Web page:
Debra North was born with myxomatous mitral valve prolapse, a degenerative form of valve disease. At birth, she survived a heart attack that caused a stroke; she wasn’t expected to survive. For years, her valvular heart disease did not affect her life—she even ran track in high school. She was told she would not need a valve replacement until her 60s, however at age 30, Debra began having symptoms of valve failure which led to a repair and eventually replacement in 2016. Due to complications from her replacement, Debra expects yet another valve surgery in the future. These experiences led her to become involved with the AHA and join the Heart Valve Ambassador program to help elevate awareness about valvular heart disease.
Jen was born with a congenital heart condition called Tetralogy of Fallot and had her first heart surgery at age 3. While traveling through China before beginning her first semester of a creative writing graduate program at New York University, Jen began to experience symptoms associated with heart valve disease. She had her second open heart surgery to replace her pulmonary valve in 2010.
Anthony DiLemme, a rock climber, a cyclist, a blogger, an avid volunteer and an enthusiastic high school science teacher is also is a two-time veteran of open heart valve replacement surgery. He says his life — his active lifestyle, growing up with a congenital heart defect, and even his summers working as a camp counselor — has been leading up to his newfound mission. “I feel as if I have been mentally preparing my whole life for this.”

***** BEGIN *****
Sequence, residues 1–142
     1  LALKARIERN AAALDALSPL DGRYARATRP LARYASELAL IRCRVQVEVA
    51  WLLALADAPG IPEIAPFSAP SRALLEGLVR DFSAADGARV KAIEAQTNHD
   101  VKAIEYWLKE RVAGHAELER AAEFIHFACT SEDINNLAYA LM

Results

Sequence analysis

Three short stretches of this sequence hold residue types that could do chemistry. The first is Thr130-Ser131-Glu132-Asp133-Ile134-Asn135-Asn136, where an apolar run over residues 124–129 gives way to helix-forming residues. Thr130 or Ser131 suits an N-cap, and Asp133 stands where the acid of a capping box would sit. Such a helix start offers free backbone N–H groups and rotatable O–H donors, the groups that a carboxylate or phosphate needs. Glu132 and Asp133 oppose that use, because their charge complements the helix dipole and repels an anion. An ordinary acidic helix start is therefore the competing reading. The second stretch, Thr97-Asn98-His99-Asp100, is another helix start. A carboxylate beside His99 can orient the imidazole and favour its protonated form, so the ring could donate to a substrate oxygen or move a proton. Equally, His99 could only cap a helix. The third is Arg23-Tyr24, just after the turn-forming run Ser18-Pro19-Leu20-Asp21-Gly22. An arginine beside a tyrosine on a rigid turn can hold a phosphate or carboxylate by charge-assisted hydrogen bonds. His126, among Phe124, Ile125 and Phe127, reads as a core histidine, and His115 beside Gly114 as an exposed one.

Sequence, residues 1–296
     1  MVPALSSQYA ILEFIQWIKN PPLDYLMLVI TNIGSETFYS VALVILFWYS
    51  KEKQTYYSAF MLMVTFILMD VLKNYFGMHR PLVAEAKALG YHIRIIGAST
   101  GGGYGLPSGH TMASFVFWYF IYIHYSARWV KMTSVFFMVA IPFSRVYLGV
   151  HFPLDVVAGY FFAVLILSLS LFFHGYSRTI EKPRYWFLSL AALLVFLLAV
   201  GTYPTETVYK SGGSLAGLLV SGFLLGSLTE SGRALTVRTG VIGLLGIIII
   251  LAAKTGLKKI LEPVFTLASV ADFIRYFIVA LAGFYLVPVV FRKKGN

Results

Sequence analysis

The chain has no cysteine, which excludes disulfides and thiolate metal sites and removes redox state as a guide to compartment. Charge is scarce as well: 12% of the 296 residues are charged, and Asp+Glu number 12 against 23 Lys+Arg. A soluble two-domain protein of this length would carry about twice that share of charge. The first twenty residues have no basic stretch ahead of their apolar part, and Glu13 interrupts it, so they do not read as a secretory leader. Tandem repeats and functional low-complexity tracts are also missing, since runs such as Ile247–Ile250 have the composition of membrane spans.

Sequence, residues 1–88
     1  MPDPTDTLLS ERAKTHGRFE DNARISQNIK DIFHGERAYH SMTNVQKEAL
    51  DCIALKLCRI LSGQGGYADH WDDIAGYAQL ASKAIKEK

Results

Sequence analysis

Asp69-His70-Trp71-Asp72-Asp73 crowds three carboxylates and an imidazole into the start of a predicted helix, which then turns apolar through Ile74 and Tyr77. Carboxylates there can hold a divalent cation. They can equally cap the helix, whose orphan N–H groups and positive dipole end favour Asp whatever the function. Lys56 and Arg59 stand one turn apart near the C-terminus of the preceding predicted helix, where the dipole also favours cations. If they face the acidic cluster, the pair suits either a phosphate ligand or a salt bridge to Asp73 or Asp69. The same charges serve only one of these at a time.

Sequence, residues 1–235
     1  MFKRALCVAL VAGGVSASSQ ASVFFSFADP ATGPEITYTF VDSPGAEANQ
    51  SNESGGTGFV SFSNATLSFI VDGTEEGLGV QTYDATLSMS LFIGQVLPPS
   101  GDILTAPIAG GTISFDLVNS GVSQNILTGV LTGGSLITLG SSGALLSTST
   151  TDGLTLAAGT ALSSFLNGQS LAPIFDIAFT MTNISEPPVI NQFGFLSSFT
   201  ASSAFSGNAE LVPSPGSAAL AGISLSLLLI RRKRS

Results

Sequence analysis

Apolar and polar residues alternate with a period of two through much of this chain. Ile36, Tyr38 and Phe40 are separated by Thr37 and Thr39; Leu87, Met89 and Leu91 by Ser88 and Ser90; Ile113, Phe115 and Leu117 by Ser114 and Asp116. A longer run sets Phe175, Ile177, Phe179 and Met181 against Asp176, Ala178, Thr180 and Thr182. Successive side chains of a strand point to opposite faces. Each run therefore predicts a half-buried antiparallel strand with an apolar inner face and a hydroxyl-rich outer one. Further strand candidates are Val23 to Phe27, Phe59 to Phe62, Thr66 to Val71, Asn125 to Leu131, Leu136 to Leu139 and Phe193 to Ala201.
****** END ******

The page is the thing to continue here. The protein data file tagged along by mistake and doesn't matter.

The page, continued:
Bernie has experienced heart valve disease firsthand. Bernie was diagnosed with high blood pressure in his 20s, and had triple bypass open heart surgery in 2005. In March 2014, Bernie began to experience symptoms that indicated he had a problem with his aortic valve. Bernie underwent a minimally invasive surgical procedure called transcatheter aortic valve replacement (TAVR), which uses a catheter to replace the heart valve instead of opening up the chest and completely removing the old, damaged valve.
Robert experienced heart valve disease firsthand. After many years of active duty in the U.S. Coast Guard, Robert noticed a concerning drop off in his energy and stamina. His cardiologist performed tests that revealed he had an aortic aneurysm, a leaky aortic valve (called aortic regurgitation) and a dilated left ventricle. Robert then underwent open heart surgery to replace his aortic valve with a mechanical valve. Later, Robert learned he had an aortic dissection, and had two additional surgeries to repair his heart. Sadly, Robert lost his battle in 2018, however we’ll always be grateful for his volunteerism and advocacy on raising awareness on this condition.